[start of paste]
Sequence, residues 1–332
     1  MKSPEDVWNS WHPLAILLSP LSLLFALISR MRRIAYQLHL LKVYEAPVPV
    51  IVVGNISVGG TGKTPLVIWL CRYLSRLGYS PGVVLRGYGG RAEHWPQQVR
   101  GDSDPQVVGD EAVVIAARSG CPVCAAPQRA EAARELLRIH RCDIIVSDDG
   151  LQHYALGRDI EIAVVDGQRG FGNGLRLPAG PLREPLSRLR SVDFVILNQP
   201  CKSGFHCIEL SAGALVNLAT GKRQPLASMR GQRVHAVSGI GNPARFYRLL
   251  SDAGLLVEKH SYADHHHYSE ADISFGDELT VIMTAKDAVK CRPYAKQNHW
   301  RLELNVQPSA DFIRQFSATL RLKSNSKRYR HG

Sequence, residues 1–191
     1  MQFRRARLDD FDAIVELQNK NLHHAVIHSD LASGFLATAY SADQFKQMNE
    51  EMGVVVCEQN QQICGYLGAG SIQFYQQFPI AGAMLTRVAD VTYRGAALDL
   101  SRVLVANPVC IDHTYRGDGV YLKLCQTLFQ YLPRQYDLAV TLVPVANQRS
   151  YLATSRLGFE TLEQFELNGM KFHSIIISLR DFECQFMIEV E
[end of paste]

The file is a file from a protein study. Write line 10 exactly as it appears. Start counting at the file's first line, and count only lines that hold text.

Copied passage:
     1  MQFRRARLDD FDAIVELQNK NLHHAVIHSD LASGFLATAY SADQFKQMNE